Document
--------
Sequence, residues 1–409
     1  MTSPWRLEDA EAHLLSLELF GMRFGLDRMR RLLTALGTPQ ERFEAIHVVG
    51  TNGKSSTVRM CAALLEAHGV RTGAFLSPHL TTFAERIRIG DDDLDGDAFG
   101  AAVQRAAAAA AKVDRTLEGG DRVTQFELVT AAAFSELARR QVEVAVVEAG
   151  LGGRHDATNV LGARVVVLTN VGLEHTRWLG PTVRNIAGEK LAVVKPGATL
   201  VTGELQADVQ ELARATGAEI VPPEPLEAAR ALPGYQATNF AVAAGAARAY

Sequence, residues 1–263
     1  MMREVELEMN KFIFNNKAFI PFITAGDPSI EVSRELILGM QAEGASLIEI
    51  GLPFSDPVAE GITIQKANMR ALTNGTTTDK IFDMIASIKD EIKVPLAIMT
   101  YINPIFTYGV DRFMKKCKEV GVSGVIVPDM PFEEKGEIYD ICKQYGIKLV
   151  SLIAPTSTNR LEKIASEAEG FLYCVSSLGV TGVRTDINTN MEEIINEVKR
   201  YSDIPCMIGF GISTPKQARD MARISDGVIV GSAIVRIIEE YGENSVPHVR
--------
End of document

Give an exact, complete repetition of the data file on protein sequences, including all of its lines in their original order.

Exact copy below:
Sequence, residues 1–409
     1  MTSPWRLEDA EAHLLSLELF GMRFGLDRMR RLLTALGTPQ ERFEAIHVVG
    51  TNGKSSTVRM CAALLEAHGV RTGAFLSPHL TTFAERIRIG DDDLDGDAFG
   101  AAVQRAAAAA AKVDRTLEGG DRVTQFELVT AAAFSELARR QVEVAVVEAG
   151  LGGRHDATNV LGARVVVLTN VGLEHTRWLG PTVRNIAGEK LAVVKPGATL
   201  VTGELQADVQ ELARATGAEI VPPEPLEAAR ALPGYQATNF AVAAGAARAY

Sequence, residues 1–263
     1  MMREVELEMN KFIFNNKAFI PFITAGDPSI EVSRELILGM QAEGASLIEI
    51  GLPFSDPVAE GITIQKANMR ALTNGTTTDK IFDMIASIKD EIKVPLAIMT
   101  YINPIFTYGV DRFMKKCKEV GVSGVIVPDM PFEEKGEIYD ICKQYGIKLV
   151  SLIAPTSTNR LEKIASEAEG FLYCVSSLGV TGVRTDINTN MEEIINEVKR
   201  YSDIPCMIGF GISTPKQARD MARISDGVIV GSAIVRIIEE YGENSVPHVR